Street Accessibility for the Blind in Vienna (Video)
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Recently I attended WordCamp Europe 2016 in Vienna – the busy capital city of Austria. Whilst on my way to and from the conference venue I came across these interesting tactile blind accessibility guides at all the traffic light controlled pedestrian crossings.
They described each pedestrian crossing in terms of the number of lanes of traffic, or tram tracks, or cycle lanes were to be crossed, and from which direction the cars, trams, bikes would be coming.
I was fascinated by how simple they were, but also how this was an amazing statement that Vienna cared for its citizens and visitors.
Rather than write a long textual description of how they work alongside the crossing signals I recorded this video to demonstrate. But I have included a transcript, and a detailed description of the individual components further down the page.
The Street Accessibility in Vienna Video
Recently whilst in Vienna, Austria, I came across a really simple, but really effective accessibility aid at pretty much every street corner.
Wherever there was a light controlled pedestrian crossing there was a box like these attached to the traffic light poles. Via touch they help blind and partially sighted people understand what it is that they’re about to cross.
They also use sound to draw attention to themselves and to tell people when it’s safe to cross.
So how do they work I hear you ask… Well let me demonstrate.
The crossing describers attract attention themselves with a regular clicking noise – hopefully you can hear it.
This arrow embossed in the top indicates the direction of the crossing.
Ooh watch out for the tram.
And on the front face there are a collection of these metal panels. Working up from the bottom towards the top, these panels describe the crossing.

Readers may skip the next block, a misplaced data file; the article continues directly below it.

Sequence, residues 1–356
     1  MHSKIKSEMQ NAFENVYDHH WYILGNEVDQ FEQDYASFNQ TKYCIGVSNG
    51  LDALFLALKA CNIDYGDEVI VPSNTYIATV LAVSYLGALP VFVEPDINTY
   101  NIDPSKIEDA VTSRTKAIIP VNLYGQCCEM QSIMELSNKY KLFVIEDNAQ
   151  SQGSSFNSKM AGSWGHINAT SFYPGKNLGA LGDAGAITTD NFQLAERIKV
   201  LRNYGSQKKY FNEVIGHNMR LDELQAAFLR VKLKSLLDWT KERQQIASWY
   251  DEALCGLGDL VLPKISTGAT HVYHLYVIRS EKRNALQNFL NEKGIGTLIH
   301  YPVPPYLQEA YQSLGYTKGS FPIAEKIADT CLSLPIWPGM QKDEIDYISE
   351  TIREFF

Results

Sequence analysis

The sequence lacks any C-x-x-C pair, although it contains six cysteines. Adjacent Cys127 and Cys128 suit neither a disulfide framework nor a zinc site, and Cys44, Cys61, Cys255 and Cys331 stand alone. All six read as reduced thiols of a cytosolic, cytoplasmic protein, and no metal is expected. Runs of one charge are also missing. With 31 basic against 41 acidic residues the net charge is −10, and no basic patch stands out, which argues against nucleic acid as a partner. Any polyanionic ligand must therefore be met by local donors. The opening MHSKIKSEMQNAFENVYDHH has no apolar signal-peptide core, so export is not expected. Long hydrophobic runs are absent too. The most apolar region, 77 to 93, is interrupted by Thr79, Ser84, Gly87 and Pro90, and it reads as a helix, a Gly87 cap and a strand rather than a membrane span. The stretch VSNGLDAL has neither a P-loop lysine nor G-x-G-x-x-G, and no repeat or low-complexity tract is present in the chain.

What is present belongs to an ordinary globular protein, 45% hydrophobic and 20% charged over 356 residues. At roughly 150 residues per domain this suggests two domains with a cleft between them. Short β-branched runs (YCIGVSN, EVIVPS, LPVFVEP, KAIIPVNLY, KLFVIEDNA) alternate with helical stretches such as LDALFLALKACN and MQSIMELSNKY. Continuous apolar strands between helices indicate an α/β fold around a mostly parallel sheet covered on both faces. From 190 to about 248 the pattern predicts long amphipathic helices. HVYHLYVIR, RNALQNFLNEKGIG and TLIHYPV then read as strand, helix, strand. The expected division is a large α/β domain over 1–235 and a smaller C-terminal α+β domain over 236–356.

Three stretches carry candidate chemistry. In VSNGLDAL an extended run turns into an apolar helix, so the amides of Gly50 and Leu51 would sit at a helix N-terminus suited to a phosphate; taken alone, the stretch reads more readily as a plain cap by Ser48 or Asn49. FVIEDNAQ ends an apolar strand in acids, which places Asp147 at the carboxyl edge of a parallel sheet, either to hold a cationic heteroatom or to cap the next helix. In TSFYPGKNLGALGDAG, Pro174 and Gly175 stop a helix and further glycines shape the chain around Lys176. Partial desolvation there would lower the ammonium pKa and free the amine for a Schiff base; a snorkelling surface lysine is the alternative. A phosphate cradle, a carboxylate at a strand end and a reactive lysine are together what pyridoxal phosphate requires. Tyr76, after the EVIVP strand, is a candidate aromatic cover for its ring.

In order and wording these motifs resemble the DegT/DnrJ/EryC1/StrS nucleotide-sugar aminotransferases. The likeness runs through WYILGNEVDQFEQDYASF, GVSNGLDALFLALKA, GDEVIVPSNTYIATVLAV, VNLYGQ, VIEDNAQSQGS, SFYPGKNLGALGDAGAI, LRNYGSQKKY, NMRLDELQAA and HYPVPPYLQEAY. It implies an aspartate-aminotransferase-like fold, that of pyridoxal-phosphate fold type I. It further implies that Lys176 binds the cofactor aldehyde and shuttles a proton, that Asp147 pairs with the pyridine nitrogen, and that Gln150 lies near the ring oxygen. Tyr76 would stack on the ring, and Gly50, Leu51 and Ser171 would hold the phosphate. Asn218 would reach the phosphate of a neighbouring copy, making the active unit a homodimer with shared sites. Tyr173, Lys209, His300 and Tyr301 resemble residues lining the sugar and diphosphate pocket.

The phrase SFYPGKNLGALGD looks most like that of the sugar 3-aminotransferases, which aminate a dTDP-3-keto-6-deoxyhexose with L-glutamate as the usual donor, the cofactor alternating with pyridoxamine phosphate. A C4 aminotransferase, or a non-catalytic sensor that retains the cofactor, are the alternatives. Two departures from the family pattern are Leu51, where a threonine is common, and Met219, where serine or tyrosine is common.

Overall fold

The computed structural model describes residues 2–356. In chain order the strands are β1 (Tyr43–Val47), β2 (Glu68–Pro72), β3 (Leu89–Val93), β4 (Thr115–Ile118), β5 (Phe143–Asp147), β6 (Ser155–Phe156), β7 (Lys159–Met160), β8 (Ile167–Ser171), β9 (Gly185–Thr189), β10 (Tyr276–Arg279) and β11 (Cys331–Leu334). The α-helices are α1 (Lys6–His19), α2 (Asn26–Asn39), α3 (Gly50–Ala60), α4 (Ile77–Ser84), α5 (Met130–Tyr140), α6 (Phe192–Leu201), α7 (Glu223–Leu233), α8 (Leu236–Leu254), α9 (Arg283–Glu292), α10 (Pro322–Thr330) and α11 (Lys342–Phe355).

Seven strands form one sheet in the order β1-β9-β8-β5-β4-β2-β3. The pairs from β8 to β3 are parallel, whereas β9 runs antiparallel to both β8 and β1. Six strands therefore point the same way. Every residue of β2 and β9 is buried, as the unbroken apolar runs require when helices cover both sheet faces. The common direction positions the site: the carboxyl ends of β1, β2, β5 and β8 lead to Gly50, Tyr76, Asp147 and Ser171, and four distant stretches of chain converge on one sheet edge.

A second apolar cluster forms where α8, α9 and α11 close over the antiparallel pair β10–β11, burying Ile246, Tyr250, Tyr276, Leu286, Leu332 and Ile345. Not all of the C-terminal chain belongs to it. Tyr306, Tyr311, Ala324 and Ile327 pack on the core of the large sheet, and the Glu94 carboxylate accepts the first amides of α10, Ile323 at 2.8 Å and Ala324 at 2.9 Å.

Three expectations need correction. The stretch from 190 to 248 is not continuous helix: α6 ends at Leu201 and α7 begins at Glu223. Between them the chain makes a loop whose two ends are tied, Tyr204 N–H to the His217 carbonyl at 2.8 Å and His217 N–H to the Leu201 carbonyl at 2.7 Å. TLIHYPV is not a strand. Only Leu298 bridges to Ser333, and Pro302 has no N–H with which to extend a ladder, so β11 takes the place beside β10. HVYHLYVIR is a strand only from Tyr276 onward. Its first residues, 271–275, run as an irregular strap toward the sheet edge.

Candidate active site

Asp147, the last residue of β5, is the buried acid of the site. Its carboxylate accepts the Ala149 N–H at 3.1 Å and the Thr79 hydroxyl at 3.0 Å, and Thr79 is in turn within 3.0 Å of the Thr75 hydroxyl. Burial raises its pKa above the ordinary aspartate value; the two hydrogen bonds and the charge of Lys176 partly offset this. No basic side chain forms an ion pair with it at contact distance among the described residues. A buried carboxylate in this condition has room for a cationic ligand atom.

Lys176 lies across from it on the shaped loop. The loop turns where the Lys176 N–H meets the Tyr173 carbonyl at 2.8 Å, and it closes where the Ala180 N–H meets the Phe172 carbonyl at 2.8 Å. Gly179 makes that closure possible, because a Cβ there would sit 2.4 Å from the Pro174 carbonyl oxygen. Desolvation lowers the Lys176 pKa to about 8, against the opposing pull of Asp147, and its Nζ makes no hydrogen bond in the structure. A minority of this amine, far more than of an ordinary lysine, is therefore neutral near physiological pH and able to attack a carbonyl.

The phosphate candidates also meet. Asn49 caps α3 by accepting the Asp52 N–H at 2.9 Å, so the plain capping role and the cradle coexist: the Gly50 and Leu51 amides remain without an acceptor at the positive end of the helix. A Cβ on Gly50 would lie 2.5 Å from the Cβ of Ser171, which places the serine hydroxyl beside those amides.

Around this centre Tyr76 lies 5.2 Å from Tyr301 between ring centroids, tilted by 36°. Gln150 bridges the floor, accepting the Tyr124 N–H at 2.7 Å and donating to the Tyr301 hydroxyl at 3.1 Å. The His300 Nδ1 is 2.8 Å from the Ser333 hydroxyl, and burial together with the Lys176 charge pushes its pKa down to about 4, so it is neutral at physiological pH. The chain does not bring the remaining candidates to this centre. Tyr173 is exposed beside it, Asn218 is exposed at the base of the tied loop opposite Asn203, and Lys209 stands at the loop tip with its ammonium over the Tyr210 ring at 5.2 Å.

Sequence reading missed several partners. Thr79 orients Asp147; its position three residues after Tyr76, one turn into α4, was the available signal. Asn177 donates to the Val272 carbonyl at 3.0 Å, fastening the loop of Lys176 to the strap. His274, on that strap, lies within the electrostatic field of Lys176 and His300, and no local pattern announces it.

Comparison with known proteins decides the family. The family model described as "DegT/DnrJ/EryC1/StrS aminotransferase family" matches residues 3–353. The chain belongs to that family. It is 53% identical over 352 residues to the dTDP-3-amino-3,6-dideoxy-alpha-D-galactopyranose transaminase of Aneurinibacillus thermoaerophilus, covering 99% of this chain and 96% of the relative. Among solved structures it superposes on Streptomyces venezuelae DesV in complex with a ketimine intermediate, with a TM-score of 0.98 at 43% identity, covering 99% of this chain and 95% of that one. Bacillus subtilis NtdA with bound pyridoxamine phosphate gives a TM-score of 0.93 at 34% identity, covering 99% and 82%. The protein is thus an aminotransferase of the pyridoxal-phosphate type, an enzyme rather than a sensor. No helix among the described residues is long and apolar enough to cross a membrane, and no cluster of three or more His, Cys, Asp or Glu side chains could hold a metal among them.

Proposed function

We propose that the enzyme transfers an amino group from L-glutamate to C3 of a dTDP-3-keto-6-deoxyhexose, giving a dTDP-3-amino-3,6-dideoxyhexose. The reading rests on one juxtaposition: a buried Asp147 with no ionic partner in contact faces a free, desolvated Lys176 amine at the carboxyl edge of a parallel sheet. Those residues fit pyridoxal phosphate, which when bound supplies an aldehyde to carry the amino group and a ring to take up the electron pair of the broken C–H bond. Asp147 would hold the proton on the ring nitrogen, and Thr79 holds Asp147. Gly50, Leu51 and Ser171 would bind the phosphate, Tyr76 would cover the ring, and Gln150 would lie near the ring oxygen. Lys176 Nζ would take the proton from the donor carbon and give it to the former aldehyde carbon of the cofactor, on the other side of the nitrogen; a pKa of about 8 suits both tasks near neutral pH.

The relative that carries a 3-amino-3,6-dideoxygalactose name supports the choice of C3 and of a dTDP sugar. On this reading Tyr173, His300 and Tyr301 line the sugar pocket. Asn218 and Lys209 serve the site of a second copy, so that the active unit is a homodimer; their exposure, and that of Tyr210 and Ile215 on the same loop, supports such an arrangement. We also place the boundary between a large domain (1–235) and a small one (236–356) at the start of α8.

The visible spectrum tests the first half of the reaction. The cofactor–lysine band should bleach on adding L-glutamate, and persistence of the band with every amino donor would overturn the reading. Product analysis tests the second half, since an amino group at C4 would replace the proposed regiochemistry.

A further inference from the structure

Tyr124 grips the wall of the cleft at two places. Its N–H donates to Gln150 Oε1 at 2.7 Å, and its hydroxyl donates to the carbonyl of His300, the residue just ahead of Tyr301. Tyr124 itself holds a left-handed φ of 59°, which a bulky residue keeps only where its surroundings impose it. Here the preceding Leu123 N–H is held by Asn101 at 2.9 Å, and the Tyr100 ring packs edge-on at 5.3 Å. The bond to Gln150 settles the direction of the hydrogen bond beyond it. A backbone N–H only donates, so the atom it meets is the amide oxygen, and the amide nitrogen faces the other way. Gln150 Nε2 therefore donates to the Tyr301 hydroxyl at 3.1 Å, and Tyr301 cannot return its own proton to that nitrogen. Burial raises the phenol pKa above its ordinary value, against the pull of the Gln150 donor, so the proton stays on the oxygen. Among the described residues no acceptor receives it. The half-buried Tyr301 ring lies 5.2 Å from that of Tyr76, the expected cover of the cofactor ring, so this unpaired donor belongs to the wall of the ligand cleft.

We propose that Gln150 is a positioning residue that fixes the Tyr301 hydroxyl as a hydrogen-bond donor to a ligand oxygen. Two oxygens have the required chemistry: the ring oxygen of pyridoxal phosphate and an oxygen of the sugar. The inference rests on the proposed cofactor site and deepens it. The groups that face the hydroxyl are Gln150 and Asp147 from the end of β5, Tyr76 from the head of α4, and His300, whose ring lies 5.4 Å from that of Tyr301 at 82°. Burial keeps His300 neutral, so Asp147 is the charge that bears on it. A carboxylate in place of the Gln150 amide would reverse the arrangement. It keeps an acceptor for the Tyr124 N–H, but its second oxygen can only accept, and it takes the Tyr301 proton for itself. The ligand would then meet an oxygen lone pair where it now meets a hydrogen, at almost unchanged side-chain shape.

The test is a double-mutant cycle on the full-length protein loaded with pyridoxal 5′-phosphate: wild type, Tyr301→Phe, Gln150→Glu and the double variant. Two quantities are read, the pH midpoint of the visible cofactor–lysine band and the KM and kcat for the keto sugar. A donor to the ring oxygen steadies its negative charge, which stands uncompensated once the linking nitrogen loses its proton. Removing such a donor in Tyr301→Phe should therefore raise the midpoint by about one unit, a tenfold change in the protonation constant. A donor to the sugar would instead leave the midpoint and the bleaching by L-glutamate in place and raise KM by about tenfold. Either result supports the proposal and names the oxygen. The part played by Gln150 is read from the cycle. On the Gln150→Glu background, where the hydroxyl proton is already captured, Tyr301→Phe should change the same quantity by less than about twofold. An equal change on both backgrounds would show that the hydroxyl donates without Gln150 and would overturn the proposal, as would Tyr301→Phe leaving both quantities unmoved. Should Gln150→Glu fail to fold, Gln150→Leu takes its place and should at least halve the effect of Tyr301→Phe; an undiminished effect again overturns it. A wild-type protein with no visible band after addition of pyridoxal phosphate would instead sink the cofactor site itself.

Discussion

Right at the bottom there is a vertical arrow – the point of which indicates where I’m standing now. Just above that is a horizontal line which indicates the edge of the kerb.
The next two symbols are like equals signs and indicate that there are 2 tram lines – on the first one the trams come from left to right, and on the second one from right to left.
This next oval indicates a pedestrian island or refuge.
And then I have three solid rectangles which represent three lanes of traffic coming from the right, before I reach the opposite kerb – this horizontal line.
The individual metal components are modular and so each crossing can be customised as required.
The pace of the clicking has just increased and this is the audible signal that it’s safe to cross.
And on the bottom of the box there is a circular panel which vibrates at the same rate as the clicking. I guess that’s useful if you can’t hear the clicking or need reinforcement over the sound of the traffic.
As well as the ones shown on this crossing, I also saw this component on other crossings, two dots side by side. These indicate a cycle lane.
The pedestrian crossing is active for quite a time – longer than most pedestrian crossings in the UK.